BEIJING Aug 9 A third of the riders in
Saturday's Olympic men's cycling road race did not finish and
tennis officials said they were considering allowing heat
breaks as Beijing's stifling humidity took a punishing toll on
Temperatures into the high 90s Fahrenheit (above 35
Celsius), suffocating humidity and murky haze have combined to
produce what competitors from several sports says are the most
difficult conditions they have faced.
"It was a sauna out there," said Latvian cyclist Raivis
Belohvosciks, one of the first of 53 riders to pull out on the
gruelling 245-km (152.2 miles) course that took the 143-strong
road race field past Tiananmen Square to the Great Wall.
Some of cycling's biggest names were unable to handle the
conditions, including Giro d'Italia winner Alberto Contador and
pre-race favourite Stefan Schumacher.
"I just didn't have any more strength in the legs," said
Contador, the 2007 Tour de France champion.
Many riders said they had no trouble breathing at first,
but struggled to recuperate from their efforts in the descents
or on the easier sections of the circuit.
"I had a terrible headache. I don't know where it came
from. Probably the pollution," said Germany's Schumacher, who
showed impressive form on the Tour last month, winning two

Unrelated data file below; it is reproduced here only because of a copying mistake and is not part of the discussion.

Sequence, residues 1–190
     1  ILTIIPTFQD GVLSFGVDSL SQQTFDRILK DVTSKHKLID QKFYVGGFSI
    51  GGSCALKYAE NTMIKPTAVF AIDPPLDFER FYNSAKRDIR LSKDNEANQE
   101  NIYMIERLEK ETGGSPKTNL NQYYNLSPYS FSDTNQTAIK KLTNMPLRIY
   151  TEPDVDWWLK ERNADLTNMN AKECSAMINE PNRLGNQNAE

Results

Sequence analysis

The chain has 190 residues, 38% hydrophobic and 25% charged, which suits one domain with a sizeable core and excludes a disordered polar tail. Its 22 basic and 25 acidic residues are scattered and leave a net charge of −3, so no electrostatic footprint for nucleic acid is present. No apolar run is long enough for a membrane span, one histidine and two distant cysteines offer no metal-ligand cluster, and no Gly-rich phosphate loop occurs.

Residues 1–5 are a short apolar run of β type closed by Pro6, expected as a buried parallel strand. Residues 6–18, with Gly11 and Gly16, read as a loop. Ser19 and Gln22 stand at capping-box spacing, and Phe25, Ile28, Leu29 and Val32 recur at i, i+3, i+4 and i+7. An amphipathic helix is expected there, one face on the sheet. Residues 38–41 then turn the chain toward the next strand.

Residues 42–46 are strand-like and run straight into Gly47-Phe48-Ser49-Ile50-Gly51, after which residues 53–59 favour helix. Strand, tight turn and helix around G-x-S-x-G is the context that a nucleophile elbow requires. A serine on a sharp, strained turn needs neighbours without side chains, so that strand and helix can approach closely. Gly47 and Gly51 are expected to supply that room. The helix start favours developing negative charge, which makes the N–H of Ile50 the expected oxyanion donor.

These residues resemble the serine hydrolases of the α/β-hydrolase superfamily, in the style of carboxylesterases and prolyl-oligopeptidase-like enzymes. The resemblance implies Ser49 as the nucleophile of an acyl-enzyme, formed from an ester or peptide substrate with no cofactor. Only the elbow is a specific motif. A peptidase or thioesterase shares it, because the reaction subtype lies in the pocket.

time-trials. "It feels like you're at 3,000 metres because of
the air. You cannot breathe. The air is thick and there is
The Olympic tennis tournament begins on Sunday and players
preparing this week have found practice sessions a struggle.
"I've never, ever, played in worse humidity than this,
these are extreme conditions," Serbian third seed Novak
Djokovic told reporters. "It's hard to adapt but you can't cry
and look for excuses."
In regular tournaments and grand slams, with the exception
of the Australian Open, there is no provision for men to have
heat breaks, but International Tennis Federation (ITF)
president Ricci Bitti said contingency plans were in place for
"It's within the power of our officiating team to take
measures in case the situation is reaching an unacceptable
level," he told reporters.
"The conditions are not the best, but our players are very
strong. What is important is the health of the player. The
position now is that the health of the players is not at risk
but each sport has some flexibility by the IOC."
Track and field competitors have also been struggling to
prepare for the athletics programme, which gets under way on
"The athletes come in the morning or the evening. Only a
few Africans can stand these temperatures," said Ma Chang,
media officer at Chaoyang Sports Centre, the official training
Czech hammer thrower Lukas Melich, lifting weights in a
tent beside the warm-up track at the stadium, agreed.
"For everyone from Europe this is very hot and humid, it's
terrible," the 27-year-old said.
(Additional reporting by Martyn Herman and Nick Mulvenney;
Editing by Alex Richardson)
(For more stories visit our multimedia website "2008 Summer
and see our blog at blogs.reuters.com/china)